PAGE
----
Equality and the Voluntary and Community Sector Emergencies Partnership

Rachel Cooling, Equality Lead, Emergencies Partnership

I cannot believe that nearly two months have gone by. Two months ago, I started with the Emergencies Partnership as the Equality Lead. This was a new role. What do you do with a new role? You read the job description. Then you realize that a job is more than a document and you must help shape it collaboratively.

So, what is equality? This current emergency has highlighted existing inequalities. Behind all the reports and evidence on this — we should never forget that people’s lives and loved ones are behind the figures and statistics in the news. Personally — I think equality is a human right that everyone is entitled to. All have a right to life, right to safety and security and it should not matter who you are, where you are from, what language you speak. All have the right to be treated with dignity and respect. That we should celebrate diversity and inclusion. None of this should be a tick box activity. A way to fulfil quotas or to feel better. Neither should it be down to one person to achieve. The collective is much stronger and effective than any individual in this.

What about in an emergency? We did a session together as Emergencies Partnership colleagues and here were some of the comments to the question “Why is equality important in an emergency?”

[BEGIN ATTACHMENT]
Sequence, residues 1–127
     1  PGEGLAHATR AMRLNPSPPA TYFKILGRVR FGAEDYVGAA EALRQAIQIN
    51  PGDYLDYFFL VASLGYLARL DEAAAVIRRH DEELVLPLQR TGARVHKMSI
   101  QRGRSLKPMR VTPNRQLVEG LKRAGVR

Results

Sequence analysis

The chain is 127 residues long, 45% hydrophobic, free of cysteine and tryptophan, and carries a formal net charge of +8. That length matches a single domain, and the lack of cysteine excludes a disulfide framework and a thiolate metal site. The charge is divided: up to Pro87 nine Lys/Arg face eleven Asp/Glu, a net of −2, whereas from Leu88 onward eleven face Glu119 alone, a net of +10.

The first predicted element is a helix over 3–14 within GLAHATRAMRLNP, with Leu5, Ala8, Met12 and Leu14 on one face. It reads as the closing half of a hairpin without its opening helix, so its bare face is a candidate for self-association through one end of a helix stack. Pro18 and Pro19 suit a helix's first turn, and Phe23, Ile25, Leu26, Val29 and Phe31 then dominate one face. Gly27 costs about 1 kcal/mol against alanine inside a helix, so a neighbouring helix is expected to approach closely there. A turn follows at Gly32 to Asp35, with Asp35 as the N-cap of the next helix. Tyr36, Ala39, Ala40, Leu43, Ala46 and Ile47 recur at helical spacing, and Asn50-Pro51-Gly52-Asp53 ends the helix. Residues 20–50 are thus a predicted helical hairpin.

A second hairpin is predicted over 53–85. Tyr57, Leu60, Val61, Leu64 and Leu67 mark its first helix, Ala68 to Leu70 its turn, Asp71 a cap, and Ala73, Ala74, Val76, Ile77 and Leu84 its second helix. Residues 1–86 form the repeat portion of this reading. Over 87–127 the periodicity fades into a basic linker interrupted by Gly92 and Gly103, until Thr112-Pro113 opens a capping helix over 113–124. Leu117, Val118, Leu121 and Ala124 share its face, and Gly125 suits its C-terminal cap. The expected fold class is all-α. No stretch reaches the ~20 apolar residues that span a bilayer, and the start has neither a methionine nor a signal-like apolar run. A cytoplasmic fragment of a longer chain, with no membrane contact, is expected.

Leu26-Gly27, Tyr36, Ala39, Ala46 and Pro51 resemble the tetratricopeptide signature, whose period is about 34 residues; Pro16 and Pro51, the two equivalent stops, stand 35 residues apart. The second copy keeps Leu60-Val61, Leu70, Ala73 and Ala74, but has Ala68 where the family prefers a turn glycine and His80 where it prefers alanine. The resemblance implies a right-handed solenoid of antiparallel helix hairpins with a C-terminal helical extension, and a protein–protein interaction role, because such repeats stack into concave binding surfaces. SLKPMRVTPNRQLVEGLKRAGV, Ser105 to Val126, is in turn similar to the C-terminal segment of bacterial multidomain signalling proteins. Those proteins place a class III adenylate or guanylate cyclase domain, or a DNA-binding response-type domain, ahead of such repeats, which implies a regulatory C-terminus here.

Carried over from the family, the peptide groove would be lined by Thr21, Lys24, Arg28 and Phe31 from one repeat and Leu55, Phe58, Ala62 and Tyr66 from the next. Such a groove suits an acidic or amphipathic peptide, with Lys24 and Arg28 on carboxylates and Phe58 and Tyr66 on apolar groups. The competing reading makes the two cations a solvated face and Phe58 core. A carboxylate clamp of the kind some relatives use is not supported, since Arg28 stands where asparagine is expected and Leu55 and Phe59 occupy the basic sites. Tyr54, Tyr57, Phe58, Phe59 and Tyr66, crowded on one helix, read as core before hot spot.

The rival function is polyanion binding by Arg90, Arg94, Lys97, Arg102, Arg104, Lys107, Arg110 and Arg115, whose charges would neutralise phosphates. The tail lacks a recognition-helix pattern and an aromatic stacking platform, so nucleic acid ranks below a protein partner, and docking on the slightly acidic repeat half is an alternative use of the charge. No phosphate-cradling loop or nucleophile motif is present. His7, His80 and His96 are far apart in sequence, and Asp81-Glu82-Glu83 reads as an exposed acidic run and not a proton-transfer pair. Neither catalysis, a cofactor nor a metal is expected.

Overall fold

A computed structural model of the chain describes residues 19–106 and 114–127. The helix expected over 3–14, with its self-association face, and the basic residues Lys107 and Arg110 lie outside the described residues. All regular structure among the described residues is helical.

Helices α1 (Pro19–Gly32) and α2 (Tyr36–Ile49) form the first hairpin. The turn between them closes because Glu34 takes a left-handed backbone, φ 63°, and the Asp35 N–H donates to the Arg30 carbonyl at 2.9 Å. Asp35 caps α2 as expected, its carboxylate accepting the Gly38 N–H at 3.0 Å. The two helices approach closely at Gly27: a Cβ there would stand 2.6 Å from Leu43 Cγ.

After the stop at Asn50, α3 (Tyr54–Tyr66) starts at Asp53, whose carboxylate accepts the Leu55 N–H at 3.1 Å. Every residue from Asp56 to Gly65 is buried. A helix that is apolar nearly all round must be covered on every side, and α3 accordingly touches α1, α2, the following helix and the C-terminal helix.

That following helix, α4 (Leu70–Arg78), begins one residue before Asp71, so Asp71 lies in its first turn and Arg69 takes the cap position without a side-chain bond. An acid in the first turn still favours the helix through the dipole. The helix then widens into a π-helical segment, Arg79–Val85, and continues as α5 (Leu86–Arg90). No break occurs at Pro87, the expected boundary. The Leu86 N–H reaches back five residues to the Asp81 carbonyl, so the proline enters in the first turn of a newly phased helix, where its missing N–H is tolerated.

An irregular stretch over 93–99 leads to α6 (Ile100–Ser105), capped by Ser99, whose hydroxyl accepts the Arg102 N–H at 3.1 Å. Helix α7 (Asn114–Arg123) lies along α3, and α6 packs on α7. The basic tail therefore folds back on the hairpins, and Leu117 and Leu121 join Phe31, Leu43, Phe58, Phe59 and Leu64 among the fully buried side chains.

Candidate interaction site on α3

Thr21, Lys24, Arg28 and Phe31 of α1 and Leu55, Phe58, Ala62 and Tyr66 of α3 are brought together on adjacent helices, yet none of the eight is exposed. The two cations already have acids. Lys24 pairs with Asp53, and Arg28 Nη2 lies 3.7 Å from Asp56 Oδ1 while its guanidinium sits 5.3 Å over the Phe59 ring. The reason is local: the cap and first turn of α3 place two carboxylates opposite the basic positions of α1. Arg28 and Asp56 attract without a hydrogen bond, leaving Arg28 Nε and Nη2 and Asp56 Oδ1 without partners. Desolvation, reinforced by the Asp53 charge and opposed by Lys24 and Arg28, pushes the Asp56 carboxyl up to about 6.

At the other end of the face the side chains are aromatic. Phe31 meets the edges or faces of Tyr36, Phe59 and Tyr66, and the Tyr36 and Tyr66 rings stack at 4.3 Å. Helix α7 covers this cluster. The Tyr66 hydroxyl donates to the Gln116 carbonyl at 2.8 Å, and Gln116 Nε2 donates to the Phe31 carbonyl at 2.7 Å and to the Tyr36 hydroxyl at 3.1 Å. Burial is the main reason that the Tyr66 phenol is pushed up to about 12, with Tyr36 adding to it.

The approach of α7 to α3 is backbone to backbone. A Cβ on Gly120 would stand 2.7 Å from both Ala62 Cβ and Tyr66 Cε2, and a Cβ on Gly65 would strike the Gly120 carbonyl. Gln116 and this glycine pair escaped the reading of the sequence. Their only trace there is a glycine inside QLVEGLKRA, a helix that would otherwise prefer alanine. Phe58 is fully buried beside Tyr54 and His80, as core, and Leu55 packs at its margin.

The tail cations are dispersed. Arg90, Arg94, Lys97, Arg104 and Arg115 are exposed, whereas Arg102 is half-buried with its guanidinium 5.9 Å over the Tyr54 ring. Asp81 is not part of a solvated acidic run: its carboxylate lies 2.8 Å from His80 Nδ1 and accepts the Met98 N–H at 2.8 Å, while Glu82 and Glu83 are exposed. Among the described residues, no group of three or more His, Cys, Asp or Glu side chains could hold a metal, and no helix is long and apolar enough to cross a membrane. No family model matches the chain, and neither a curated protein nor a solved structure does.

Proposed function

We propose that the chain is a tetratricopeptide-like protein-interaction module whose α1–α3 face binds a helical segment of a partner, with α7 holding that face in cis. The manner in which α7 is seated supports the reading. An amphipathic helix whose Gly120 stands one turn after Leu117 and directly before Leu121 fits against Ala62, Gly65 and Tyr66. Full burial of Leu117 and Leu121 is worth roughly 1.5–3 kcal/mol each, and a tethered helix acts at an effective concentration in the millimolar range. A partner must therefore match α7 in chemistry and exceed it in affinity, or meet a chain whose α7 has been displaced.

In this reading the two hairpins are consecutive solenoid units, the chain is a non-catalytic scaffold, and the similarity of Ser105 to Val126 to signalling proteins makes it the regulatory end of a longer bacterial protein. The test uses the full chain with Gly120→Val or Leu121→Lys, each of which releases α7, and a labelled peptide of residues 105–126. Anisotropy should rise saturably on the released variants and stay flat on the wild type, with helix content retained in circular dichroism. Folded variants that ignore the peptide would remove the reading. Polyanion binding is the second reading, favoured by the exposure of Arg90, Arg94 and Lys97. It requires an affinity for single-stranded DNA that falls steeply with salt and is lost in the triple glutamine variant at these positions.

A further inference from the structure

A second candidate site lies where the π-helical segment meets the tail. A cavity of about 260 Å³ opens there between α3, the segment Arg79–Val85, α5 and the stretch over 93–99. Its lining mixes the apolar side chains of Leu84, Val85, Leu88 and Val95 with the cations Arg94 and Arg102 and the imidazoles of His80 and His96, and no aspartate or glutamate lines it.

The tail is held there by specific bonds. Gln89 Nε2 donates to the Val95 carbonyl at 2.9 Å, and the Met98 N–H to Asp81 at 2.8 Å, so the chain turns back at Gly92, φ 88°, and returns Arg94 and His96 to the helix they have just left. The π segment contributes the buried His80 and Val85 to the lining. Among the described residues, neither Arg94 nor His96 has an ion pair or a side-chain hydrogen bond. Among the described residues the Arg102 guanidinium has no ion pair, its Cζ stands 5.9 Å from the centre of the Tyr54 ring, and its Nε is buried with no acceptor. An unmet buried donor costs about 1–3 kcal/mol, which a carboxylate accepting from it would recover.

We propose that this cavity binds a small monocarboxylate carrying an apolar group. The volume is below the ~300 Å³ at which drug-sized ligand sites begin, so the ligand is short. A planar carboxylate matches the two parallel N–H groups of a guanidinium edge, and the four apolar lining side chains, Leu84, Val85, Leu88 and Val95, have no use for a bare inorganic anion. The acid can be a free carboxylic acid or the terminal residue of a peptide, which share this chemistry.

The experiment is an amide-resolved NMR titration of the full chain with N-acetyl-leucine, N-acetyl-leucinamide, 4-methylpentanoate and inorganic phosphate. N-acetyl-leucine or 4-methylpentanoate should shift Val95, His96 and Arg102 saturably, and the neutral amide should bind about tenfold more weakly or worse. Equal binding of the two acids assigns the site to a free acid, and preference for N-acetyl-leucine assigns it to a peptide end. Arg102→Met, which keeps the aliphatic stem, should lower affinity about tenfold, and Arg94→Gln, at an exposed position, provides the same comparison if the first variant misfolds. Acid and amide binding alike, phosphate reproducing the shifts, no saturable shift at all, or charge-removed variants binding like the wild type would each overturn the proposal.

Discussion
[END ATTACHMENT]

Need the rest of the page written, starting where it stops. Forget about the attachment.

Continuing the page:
‘It should be embedded all the time. If it is embedded out of a crisis, it will work in a crisis’.

‘To make sure no one is left behind’,

‘To ensure everyone is given equal support / access to resources during an emergency, make sure that we reach all communities’.

Are we there yet as a voluntary and community sector emergencies partnership?

I think there is the willingness and want to continue to improve.

I was fortunate to attend and be one of the speakers at a NAVCA event recently — and posed the question “How can we ensure communities are at the centre of emergency response?”

There were plenty of examples from groups where they do this, working in collaboration with.

The session we did together as Emergencies Partnership colleagues showed that there are always improvements to make, and we are not there yet…What do you think?

After the tragedies of 2017 (Grenfell in particular), the Emergencies Partnership formed to improve coordination and collaboration across the voluntary sector. From grass roots to national giants, and government, we work to better understand, and respond to unmet need, together.

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